Some Like the Rain

Most of us did not enjoy the 33 inches of rain that fell in our community. Other parts of Texas/Louisiana received over 50 inches.  After the clouds cleared, these white Rain Lilies showed their appreciation of the rain.  It is nice to see beauty after such a disaster.


Project

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Today’s project was to save the Bulbine frutescens.  The plants are in severe decline this year and have spilled over the rocks that line the bed. The photo is from better days.

DSC_0229Rain Lilies were planted behind the Bulbine and they have also moved toward the edge of the bed.

IMG_3117The Rain Lilies had to be dug up.  There were hundreds or thousands or maybe hundreds of thousands. Or at least it seemed that way as they were transplanted. The bulbs pictured in the tub are only the ones that had to be moved from another bed. The rest were just piled up near where they were dug.

DSC_0504The bulbs were replanted in a long a row and should reproduce and move forward to fill in the bed.

DSC_0499And when I thought I was finished, I found another pile of Rain Lily bulbs to plant.

While working, an unfamiliar bird started calling and popped out of the trees revealing itself as a Brown Thrasher (no photo) arriving for the winter.  Next the Cardinals, Chickadees and Titmouses (wouldn’t pose for photo) came to check out the stranger and then filled up on birdseed.

DSC_0505Finally, I got to my original task of planting the Bulbines back in the soil above the rocks.  They look a little sad right now, but hopefully with a new start, they will rebound.


Whites in Bloom

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This White Hydrangea was a gift that came by mail from a florist.  It was potted and bumped up as it grew.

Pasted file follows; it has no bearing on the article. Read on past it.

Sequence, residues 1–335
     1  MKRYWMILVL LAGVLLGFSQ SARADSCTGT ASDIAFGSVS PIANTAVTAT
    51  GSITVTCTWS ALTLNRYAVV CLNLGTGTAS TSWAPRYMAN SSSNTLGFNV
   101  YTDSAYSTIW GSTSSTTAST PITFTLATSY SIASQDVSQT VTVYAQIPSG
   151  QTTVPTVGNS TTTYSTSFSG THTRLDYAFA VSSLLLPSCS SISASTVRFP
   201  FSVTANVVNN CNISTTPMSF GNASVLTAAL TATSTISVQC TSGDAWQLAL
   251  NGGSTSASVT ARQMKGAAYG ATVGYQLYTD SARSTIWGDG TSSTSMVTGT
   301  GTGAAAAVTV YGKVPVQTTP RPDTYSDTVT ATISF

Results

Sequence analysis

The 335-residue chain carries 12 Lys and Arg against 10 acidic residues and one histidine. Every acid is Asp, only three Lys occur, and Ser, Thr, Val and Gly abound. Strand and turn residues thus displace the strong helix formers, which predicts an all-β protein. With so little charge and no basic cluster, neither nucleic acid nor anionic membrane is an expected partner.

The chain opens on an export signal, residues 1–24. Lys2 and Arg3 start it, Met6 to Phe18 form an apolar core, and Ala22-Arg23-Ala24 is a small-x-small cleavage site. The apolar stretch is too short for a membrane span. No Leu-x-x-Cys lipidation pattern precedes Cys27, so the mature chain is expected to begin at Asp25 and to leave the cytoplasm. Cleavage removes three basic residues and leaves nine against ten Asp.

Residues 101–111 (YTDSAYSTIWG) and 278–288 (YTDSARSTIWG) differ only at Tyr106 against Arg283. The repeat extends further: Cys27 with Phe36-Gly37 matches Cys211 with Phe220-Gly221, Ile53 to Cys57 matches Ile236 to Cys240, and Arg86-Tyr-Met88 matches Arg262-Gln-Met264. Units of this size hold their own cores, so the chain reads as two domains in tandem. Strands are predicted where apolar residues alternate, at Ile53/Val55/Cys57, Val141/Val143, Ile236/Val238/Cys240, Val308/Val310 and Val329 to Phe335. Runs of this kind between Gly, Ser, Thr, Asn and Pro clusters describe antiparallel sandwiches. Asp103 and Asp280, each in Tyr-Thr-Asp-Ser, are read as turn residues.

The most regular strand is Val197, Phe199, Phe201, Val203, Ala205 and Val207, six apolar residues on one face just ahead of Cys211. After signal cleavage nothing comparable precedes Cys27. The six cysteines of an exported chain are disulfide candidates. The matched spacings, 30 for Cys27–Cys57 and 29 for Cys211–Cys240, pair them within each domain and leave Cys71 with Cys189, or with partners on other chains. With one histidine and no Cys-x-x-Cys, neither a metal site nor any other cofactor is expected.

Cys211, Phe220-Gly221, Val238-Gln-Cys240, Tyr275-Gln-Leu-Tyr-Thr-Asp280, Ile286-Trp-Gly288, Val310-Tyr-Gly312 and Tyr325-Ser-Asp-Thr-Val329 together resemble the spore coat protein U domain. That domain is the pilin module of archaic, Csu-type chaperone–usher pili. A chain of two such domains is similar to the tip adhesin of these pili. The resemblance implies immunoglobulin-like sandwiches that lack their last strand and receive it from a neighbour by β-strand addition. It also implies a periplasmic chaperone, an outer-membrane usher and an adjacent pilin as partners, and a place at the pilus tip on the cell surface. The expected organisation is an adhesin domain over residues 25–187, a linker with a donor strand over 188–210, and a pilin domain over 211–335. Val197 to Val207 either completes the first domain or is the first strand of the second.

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And showed its appreciation by putting on a spectacular display this spring.

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Finally blooming, this White Rain Lily was a pass-along and was planted in the garden two years ago.  It recently bloomed and has a light pleasant scent.

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The White Rain Lily next to its pink cousin.  A different white cultivar, also planted in the garden, blooms in the fall.

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Bishop’s Flower adds a lacy fill to a garden bed.  They grow from two to four feet tall.

 

 

 


Fall Bloomers

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Swamp Sunflower (Helianthus angustifolius).  This bright bloomer started right at the beginning of fall to the delight of the bees.  As its name implies, it likes a moist area.  It grows up to 6 feet tall and is a prolific reseeder.

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This Pam’s Pink Turks Cap desperately needed a trimming, but thankfully it was too hot to do the job and now it is loaded with flowers and buds.

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White Rain Lilies (Zephyranthes candida) pop up every year around this time and each year there are more of them.  They are in the amaryllis  family and can be separated and moved to new beds or shared with gardening friends.  Wild ones grow around this area and they have a scent.

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This Blue Salvia, the name has been lost, is always a reliable bloomer just when the butterflies and hummingbirds stop by on their journeys south.

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This Red Salvia is just super, blooming in the spring and fall.  It takes a break during summer.

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Coleus Flowers are not very exciting, but the bees sure do like them.  All of the Coleus were started by cuttings.  It is just about time to start some for the winter.  They do well in a sunny window and can be returned to the outdoors when the weather warms up.

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Torenias (Torenia fournieri) has many names.  Wishbone because of its stamens form a wishbone shape.  It is also called Clown Flower, Summer pansy (we grow pansies in the winter here) and Bluewing.  What ever you call it, it is a great little plant that takes partial shade and reseeds in the Automatic Garden.